Sensors on the seafloor detect changes in water pressure and send the data to buoys anchored alongside. The buoys relay the information via satellite to tsunami warning centers.

The sensitive system can detect pressure changes or sea-level rise of less than half an inch (one centimeter).

The relatively new technology is not without its glitches. Three of the six existing Pacific coast buoys have had malfunctions in recent months. Nonetheless the system has already proven its worth.

On November 17, 2003, after only a month in operation, real-time data from a DART buoy was employed to cancel a false tsunami warning set for Hawaii. Averting an evacuation saved the state an estimated 68 million U.S. dollars in lost productivity—and possibly strengthened the effect of any real future warnings.

"It's imperative to prevent false warnings because evacuation is costly but also because people can get complacent," Prager said.

Public Awareness

Experts like Walter C. Dudley, director of the Kalakaua Marine Education Center at the University of Hawaii at Hilo, stress that technical warning systems must be underpinned with effective public awareness campaigns and emergency response plans.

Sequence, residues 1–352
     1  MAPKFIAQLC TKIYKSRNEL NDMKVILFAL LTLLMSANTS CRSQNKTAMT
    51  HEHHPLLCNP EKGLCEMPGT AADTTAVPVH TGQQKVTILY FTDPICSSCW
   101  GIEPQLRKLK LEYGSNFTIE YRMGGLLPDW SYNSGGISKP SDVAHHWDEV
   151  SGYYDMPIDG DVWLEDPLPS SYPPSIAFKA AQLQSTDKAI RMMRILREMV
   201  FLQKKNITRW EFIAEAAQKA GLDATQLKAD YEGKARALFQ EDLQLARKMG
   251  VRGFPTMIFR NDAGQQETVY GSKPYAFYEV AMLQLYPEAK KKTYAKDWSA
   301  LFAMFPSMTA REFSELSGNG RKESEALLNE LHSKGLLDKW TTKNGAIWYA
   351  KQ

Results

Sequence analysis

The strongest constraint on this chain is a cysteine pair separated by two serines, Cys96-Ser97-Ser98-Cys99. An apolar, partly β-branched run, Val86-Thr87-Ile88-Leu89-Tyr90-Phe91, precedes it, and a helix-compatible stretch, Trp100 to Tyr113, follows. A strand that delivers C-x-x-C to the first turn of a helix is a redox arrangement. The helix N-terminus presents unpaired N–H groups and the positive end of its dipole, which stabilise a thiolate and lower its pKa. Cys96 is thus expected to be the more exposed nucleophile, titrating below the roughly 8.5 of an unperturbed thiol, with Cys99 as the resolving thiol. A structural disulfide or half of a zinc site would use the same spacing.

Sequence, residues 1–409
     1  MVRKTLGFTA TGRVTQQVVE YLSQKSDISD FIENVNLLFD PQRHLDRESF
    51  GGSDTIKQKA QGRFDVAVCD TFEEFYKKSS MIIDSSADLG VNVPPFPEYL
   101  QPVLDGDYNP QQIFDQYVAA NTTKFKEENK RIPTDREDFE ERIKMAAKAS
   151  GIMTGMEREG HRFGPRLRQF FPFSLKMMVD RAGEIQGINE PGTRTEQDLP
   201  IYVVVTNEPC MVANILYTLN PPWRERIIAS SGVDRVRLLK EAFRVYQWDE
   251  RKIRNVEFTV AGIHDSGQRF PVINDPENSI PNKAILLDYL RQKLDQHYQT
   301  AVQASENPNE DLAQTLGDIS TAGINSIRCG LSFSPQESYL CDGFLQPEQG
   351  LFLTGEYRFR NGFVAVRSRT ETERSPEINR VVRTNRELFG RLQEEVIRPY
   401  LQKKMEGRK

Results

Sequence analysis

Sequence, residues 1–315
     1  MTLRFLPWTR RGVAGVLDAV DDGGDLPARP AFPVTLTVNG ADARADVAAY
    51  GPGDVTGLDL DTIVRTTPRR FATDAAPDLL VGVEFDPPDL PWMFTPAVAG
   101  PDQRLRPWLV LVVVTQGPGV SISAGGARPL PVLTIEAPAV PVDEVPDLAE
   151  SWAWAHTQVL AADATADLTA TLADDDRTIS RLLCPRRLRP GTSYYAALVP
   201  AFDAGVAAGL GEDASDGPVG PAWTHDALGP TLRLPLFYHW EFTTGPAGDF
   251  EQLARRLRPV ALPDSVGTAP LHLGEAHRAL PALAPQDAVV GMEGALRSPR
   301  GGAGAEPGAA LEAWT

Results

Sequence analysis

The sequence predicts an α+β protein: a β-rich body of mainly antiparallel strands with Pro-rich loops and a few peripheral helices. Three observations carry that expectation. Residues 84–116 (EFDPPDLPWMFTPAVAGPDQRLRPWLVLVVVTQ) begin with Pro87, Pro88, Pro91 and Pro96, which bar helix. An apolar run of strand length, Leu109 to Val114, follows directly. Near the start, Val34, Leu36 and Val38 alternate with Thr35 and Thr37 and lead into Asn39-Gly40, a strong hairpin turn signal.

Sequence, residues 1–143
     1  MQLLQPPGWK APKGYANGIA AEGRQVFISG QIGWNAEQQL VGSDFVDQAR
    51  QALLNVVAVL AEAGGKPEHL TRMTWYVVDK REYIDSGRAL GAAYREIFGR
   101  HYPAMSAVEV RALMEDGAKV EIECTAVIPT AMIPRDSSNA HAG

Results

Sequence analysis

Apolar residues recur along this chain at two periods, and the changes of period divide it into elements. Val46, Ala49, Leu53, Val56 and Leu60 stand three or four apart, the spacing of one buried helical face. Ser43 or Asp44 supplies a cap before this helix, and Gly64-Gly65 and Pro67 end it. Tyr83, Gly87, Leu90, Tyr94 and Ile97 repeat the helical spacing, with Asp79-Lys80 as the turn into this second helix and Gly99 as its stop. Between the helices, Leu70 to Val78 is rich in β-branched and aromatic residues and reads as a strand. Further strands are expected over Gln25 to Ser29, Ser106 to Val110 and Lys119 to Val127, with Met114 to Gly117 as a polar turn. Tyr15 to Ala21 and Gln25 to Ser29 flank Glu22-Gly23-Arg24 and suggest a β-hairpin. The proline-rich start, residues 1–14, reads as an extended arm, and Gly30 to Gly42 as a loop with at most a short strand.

"Even if you have plenty of warning people have to understand that this phenomenon is not something that you can watch," he said. "You see this happen with floods because people don't understand the force of water. I think when it moves really fast it only takes about 12 to 14 inches (30 to 35 centimeters) to pick up a car."

Warning system effectiveness is also subject to just how close a tsunami-spawning earthquake occurs to populated coastlines. While mid-ocean quakes may allow sufficient reaction time, those occurring closer to shore may send devastating waves crashing in within minutes—little time for even the best system to have much of an effect.

"With a local tsunami you may have only 15 minutes," Prager said. "In Sri Lanka I think they had something like two hours so they could have gotten a warning out. But in Sumatra they only had perhaps 15 minutes."

When warning times are short or nonexistent, knowledge becomes even more critical. "You need to explain the phenomenon so that people can recognize the natural signs," Dudley explained. "If you feel an earthquake near the coast it's time to head for the hills. If you see the water withdraw or even suddenly come in then it's also time to turn and head to high ground. Even without a warning system many of the people who died in this one might have been saved if they'd been educated."

In fact, knowledge did save some in the tsunami's path.